• The presence of livestock-guarding dogs was associated with lower levels of predation and an absence of surplus killing.
  • When the dogs spent much time outside, they were less aggressive than the chain dogs, and it was easier to adapt them to human present (random public visit).
  •  

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Beatrice Jouenne

25.08.2018

Bears were reintroduced thanks to Life Ursus project, but the wolf population expanded naturally and fastly Research was more implemented and developed than habitat quality and connectivity conservation This was a non-binding measure implemented by Autonomous Province of Trento, Adamello Brenta National Park in the frame of Life WolfAlps, Life Arctos, Life Dinalp Bear, Life Ursus in a province in the Autonomous Province of Trento. It specifically involved General public, Administrative staff (government). It operated for 18 years (from 1999 to 2017) and received financial support from EU funds, Other sources.Please reply to this post for more information or reach out directly to Umberto Fattori.

Beatrice Jouenne

25.08.2018

In Friuli there isn't a stable wolf or bear population but the presence of young males in dispersion is constant This was a non-binding measure implemented by Friuli-Venezia Giulia region in the frame of Life WolfAlps, Life Arctos, Life Dinalp Bear in Italian Alps in the Friuli-Venezia Giulia region. It specifically involved General public, Administrative staff (government). It operated for 7 years (from 2010 to 2017) and received financial support from EU funds.Please reply to this post for more information or reach out directly to Elisabetta Rossi.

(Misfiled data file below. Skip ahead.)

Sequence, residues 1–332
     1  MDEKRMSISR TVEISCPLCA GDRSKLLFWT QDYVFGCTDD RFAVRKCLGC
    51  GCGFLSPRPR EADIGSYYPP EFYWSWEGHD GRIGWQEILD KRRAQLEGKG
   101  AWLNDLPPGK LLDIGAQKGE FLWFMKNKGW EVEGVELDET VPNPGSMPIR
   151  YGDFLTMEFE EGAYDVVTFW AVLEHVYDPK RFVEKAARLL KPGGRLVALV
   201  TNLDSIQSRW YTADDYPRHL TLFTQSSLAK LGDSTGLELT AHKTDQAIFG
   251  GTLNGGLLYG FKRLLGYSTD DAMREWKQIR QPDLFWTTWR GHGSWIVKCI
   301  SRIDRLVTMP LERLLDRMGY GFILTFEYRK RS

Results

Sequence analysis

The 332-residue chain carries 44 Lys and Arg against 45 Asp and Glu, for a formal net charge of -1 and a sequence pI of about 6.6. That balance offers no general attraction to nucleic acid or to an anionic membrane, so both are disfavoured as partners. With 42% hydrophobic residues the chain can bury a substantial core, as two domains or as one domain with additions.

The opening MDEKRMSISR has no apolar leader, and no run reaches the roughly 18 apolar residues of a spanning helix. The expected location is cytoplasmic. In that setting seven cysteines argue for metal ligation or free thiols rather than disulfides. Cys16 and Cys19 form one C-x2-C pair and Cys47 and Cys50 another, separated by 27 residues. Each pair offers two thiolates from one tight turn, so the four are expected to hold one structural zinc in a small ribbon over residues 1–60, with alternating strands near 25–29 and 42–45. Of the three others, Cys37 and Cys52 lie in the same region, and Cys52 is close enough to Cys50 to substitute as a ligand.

Beatrice Jouenne

25.08.2018

In Lombardia there isn't a stable wolf or bear population but the presence of young males in dispersion is constant. Research consist primarily of occasional monitoring, while the theme of habitat quality and conservation hasn't been addressed yet, because it's not a priority. This was a non-binding measure implemented by Lombardia region in the frame of Life WolfAlps, Life Arctos, Life Gestire 2020 in Italian Alps in the Lombardia region. It specifically involved General public, Administrative staff (government). It operated for 7 years (from 2010 to 2017) and received financial support from EU funds.Please reply to this post for more information or reach out directly to Chiara Crotti.

2000

The Protection of Livestock and Conservation of Large Carnivores, Projects supplied farmers/shepherds, free of charge, with a total of 68 pups of three different breeds: Slovenský čuvač,

2015

Caucasian shepherd dog and Central asian sheper dog

Photo2©Slavomir_Findo.jpg

Chapter 4

Projects

  • • Protection of Livestock and Conservation of Large Carnivores Project funded principally by the Born Free Foundation, The BEARS Project supported by WWF Denmark c/o the Danube-Carpathian Programme Office, and the Slovakia Wolf Census Project funded by the Wolves and Humans Foundation.
  • • How to protect livestoct against carnivores (2010 - 2011)
    Supported by Environmentálny fond (Slovakia)
  • • Bär – Mensch – Interaktionen in der Slowakei (2007 - 2011) Supported by Andrea von Braun Stiftung (Germany) and implemented in-cooperation with the Carpathian Wildlife Society
  • • Revival of livestock guarding dogs tradition in Slovakia (1995 - 1997) Supported by the Soros Foundation (USA)